This might turn into a new way of “right-sizing” car reviews!!
It’s all quite simple. Carpages, from the UK, have recently published something we won’t see too much more of from now on – a review of the 2007 Saab 9-3 Sportcombi. I’ll get to some of the specifics of the review in a minute, but first, let’s take a look at their ratings and how they might be moderated:
As you can see there, they’ve given the 9-3 SportCombi 4.5 stars (out of five) for safety and security. In their write-up of this section in the review, they mention the SportCombi’s 5-star NCAP rating and produce a long, long list of safety and security features, with not a criticism in sight.
So why the 4.5 stars?
Clearly, Carpages are like the driving test examiner that doesn’t want you to get 100% on your test, lest you get a bit too puffed up and kill yourself thinking you’re Fangio right after the test. So they knock a few marks off because apparently you didn’t spend long enough adjusting your mirrors or something similar. Despite its clear top-o-the-tree safety credentials, they’re only giving it 4.5 out of five for a criterion where they’re as close to 5-star as anyone’s ever been.
So, I’ve decided that this probably applies to all their other categories as well and that the whole class of crietria should be lifted by half a star, or 10%. This gives the 9-3 SportCombi an overall rating of 88%, with marks mostly being subtracted for the 150hp diesel engine.
I can live with that.
Jan-Ake Jonsson said at the release of the 2008 Saab 9-3 that 2007 models were sold out. This might mean that you’ll have trouble going to your dealer to order a MY2007 made as you’d like it, but it doesn’t mean that you can’t pick up a MY2007 new from a dealer.
Of course, many of those that are already out the door are sitting on dealer’s lots waiting to be sold and will likely be the subject of some enticing incentives in months to come. Despite my recent gushiness over the 2008 car, the 2007 iteration is still a very spendworthy unit, especially in my favoured SportCombi mode.
Carpages were obviously enamoured with it as well:
They had the TiD engine, which is OK for it’s intended purpose as a miserly cruiser. Souping it up with a Hirsch kit it can pull some very decent life out of the engine, but in standard spec it’s, well, reasonably standard.
Our test car was fitted with a 6-speed manual gearbox, which has to be used to make the most of the 1.9 TiD diesel engine. Don’t make the mistake of trying to pull off in second gear, because you won’t be going anywhere fast. If you are lazy with your gear changes, you will find yourself running out of puff up hill.
Ride and Handling:
The 9-3 SportWagon does not really feel any different on the road to the Saloon, which is testament to Saab’s engineering. Overall the ride is quite compliant and the suspension makes a good job of absorbing all but the worst of pot holes.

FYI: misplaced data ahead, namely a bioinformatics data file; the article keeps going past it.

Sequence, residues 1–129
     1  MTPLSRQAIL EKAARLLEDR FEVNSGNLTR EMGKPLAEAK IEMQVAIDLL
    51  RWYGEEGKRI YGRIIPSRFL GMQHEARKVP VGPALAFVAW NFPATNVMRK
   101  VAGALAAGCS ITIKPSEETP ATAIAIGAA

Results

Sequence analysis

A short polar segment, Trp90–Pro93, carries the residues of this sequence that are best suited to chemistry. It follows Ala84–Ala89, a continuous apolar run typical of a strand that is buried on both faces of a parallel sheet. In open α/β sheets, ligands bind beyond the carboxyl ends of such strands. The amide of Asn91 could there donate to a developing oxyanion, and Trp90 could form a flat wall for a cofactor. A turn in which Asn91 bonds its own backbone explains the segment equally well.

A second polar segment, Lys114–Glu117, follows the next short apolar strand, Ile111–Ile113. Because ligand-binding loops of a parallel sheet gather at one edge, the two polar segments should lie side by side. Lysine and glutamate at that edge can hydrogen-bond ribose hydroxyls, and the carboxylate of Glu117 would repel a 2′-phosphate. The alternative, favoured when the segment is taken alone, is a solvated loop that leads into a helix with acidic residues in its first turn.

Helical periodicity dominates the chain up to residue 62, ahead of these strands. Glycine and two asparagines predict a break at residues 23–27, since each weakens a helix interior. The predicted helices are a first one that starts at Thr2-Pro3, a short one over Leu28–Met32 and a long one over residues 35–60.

This is absolutely true. Go for a spin in a SportCombi and the only time you realise you’re driving a wagon is when you step out again and look at the sexy iceblock rear lights.
Ease of Use:
The Saab 9-3 SportWagon easy to get in and out of, even with a bad back. Front head and leg room is very good although rear seat passengers might complain, if the front occupants have long legs as there isn’t a great deal of rear leg room.
Also true. A five hour drive in the back of one from western Sweden to Stockholm did highlight a rear leg-room issue, but that’s of minor concern to me as it’s probably the only time I’ll be in the back seat of one of these for such a stretch. Up front the comfort is brilliant (as it is in back if you’ve got a driver that doesn’t require the seats to be right back, or if you’ve got shorter legs yourself).
Comfort and refinement:
We drove the SportWagon non-stop for over ten hours without complaint from driver or co-driver. The electric seats were easy to adjust enabling you to obtain the ideal driving position.
In-Car Entertainment and Navigation
Saab have received some criticism for their nav units in the past. The one I used in Sweden was pretty accessible (once a Swede taught me how to use it – it was in Swedish!) and Carpages were clearly impressed by the MY07 unit:
Being touch screen the navigation system is simple to use and it is quick to enter addresses and saves fumbling around with knobs and buttons. When purposely making wrong turns the system is quick to up date the route…..The only downside to the navigation system is that you cannot enter post codes; otherwise this is amongst the best systems we have tested.
You can check out the rest for yourselves. The full review is available at the link above.
The 2007 Saab 9-3 is realistically about to make for fearsomely good buying as they clear out and make way for the 2008 models. This review gives you a pretty good idea of what you can expect, which is (as proven above) even more than what CarPages are telling you.